Schlunk’s justification for using such high discount rates is that higher education “puts me in mind of income streams I confronted when advising investors in the private equity sector [where] discount rates of as high as 30% were generally applied.”
For the record, peer reviewed research generally finds that private equity returns net of fees are close to or less than those that can be found in the stock market—not remotely close to the 30 percent returns assumed by Schlunk. (In addition, discount rates are supposed to reflect the weighted average cost of capital, NOT the (higher) returns to equity). If P.E. investors were applying high discount rates to cash flow projections, this likely means that investors believed that P.E. cash flow projections were over-optimistic.
Overlooking college completion rates
In his latest critique of higher education, Schlunk also overlooks large differences in completion rates. Four-year completion rates for bachelor’s degrees are almost twice as high at private non-profit universities as at their more leanly funded public counterparts. If one accepts Schlunk’s assumptions of extremely high discount rates, even a modest delay in completion would have a dramatic impact on value.
Overlooking effects of increased educational expenditures and educational quality
Peer reviewed studies that control for differences in student characteristics consistently find that higher expenditures per student lead to significant increases in student earnings and likely contribute to higher completion rates. (For brief reviews of the literature, see The Knowledge Tax and Populist Outrage, Reckless Empirics; See also here).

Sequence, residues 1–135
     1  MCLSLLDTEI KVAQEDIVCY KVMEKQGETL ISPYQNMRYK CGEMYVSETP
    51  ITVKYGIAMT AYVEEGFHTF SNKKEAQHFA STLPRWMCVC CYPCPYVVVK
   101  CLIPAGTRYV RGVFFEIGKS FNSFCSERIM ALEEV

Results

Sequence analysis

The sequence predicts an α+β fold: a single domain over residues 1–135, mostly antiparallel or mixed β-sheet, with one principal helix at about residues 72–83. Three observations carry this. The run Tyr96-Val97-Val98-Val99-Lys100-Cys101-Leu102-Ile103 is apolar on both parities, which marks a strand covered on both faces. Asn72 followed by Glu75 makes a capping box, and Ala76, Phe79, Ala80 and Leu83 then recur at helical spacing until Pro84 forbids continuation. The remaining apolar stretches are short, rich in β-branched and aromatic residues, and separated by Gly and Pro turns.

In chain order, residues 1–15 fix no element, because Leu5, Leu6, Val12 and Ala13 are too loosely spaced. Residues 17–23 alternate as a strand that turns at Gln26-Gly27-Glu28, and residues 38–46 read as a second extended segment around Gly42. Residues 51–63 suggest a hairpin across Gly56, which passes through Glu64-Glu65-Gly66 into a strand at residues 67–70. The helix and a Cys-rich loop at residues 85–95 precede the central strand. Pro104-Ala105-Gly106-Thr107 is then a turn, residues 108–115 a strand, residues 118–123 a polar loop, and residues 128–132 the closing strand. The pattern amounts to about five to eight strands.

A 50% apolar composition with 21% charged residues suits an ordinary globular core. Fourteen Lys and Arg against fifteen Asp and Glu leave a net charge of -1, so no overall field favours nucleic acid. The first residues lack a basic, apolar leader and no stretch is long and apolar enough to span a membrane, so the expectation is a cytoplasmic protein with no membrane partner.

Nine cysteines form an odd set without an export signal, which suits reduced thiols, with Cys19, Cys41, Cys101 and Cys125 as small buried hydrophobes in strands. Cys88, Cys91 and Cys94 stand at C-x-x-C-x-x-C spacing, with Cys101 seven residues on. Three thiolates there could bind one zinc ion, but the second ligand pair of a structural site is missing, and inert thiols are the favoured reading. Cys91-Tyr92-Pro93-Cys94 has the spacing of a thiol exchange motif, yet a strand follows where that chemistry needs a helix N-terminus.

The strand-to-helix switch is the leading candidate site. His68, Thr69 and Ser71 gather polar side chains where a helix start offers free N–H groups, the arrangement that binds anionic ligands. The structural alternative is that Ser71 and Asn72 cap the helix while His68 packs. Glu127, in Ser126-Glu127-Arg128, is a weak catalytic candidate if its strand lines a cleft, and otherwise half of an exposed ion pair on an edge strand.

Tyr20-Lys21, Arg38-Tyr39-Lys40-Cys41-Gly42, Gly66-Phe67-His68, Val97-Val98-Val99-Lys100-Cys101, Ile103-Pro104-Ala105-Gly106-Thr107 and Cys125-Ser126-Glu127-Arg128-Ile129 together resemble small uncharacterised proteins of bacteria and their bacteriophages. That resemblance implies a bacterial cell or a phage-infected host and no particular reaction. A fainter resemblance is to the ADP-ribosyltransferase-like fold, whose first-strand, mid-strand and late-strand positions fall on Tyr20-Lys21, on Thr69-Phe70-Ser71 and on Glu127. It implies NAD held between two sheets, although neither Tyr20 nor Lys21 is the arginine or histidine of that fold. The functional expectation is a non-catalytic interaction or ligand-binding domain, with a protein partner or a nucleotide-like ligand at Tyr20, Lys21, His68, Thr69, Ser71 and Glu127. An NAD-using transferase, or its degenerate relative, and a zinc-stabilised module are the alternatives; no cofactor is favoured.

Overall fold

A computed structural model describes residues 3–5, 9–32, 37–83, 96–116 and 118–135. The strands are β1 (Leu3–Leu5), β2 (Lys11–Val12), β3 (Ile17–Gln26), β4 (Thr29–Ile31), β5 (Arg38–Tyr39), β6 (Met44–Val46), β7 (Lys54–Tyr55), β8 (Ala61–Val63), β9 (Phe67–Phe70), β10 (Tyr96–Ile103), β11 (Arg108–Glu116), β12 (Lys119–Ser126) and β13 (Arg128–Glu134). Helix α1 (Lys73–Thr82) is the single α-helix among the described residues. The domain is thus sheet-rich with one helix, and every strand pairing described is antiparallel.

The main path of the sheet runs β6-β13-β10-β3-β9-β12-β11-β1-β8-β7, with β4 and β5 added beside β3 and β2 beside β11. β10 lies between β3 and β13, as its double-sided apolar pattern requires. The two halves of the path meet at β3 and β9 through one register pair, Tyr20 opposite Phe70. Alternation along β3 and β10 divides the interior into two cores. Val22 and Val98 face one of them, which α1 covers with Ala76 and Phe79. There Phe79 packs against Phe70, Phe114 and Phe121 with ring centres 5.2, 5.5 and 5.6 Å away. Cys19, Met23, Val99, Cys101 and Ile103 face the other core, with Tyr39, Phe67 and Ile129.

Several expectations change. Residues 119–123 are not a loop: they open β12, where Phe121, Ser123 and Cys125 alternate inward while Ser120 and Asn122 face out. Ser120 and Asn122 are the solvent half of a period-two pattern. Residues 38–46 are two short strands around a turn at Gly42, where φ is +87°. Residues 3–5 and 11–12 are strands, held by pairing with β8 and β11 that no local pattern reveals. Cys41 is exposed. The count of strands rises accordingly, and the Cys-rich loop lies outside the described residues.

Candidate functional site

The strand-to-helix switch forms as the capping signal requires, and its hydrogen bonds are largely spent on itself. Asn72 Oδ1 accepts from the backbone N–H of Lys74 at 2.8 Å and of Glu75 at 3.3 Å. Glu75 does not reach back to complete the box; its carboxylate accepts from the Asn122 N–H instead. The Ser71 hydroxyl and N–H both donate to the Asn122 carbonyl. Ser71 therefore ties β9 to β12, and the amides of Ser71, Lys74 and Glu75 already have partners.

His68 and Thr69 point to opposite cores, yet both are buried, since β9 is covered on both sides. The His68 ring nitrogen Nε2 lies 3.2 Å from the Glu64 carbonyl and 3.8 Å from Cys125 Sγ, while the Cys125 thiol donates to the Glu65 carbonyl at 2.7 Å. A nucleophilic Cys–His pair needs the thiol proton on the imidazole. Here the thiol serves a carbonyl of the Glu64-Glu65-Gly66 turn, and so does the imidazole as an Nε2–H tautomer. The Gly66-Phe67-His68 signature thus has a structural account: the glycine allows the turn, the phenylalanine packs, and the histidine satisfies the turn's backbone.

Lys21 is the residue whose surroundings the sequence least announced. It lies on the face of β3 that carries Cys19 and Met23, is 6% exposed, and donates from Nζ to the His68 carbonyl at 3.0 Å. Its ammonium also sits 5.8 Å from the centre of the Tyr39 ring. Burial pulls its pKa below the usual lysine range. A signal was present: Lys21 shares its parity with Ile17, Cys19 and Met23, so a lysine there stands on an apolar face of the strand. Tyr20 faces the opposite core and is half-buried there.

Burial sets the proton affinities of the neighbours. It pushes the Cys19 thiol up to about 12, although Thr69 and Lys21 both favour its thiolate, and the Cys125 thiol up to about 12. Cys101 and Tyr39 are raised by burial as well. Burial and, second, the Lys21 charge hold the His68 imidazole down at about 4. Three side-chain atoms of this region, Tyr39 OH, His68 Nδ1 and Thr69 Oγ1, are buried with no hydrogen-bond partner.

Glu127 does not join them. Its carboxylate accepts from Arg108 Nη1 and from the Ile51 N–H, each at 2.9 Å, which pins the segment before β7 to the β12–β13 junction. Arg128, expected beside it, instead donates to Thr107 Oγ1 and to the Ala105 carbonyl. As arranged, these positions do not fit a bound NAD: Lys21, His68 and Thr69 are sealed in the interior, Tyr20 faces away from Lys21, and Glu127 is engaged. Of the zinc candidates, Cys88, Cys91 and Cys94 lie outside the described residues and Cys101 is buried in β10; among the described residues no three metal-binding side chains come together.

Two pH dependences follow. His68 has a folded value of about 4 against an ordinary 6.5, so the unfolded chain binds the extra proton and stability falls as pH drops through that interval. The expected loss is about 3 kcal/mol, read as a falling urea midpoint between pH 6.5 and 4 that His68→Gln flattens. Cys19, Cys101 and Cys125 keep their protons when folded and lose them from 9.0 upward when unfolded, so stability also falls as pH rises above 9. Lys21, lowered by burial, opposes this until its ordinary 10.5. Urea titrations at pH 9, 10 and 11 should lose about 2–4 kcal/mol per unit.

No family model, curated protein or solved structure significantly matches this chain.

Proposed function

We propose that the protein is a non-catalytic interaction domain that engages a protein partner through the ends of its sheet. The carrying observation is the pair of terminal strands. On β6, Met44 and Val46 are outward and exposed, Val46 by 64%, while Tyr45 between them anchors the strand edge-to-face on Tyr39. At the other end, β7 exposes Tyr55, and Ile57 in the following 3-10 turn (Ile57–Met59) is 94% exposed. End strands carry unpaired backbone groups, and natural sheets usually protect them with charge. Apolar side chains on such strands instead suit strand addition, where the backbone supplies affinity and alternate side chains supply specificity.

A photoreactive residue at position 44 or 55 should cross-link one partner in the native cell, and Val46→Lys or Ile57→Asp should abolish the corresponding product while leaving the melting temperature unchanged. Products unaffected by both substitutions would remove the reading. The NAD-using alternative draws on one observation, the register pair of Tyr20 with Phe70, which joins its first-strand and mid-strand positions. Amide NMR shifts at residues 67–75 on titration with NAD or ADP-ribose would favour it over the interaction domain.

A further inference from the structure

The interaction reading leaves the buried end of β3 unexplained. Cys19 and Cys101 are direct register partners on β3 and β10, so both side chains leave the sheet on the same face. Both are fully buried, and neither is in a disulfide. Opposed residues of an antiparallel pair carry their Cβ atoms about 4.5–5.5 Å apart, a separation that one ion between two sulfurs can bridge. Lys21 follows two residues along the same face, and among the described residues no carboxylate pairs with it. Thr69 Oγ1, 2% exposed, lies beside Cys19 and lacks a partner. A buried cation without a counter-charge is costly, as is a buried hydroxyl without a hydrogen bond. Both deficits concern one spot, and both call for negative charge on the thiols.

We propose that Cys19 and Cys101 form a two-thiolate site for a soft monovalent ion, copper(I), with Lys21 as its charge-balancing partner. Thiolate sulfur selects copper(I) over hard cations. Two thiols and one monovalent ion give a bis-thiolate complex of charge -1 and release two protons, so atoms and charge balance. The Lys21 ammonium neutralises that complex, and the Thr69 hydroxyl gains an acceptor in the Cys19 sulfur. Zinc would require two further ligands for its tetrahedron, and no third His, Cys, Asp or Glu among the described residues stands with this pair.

Professor Schlunk overlooks these studies.
Mis-measuring student earnings and educational expenditures
Schlunk overestimates the difference in expenditures and resources at elite public and private universities, which leads him to over-estimate the earnings premiums necessary for more resource-intensive private education to be worthwhile. Schlunk assumes incorrectly that all students at elite flagship state universities pay low in-state tuition, when many students at these institutions pay much higher out-of-state or international student tuition. He overlooks the extent to which expenditures per student at elite public universities exceed in-state tuition because of state subsidies and cross-subsidies from out-of-state students. He overlooks the extent to which differences in financial aid affect net-tuition—and therefore educational resources and expenditures—at different universities.
The elite public universities that Schlunk presents as controls that he sees as similar to private universities, but without endowments, actually have larger endowments than many private universities.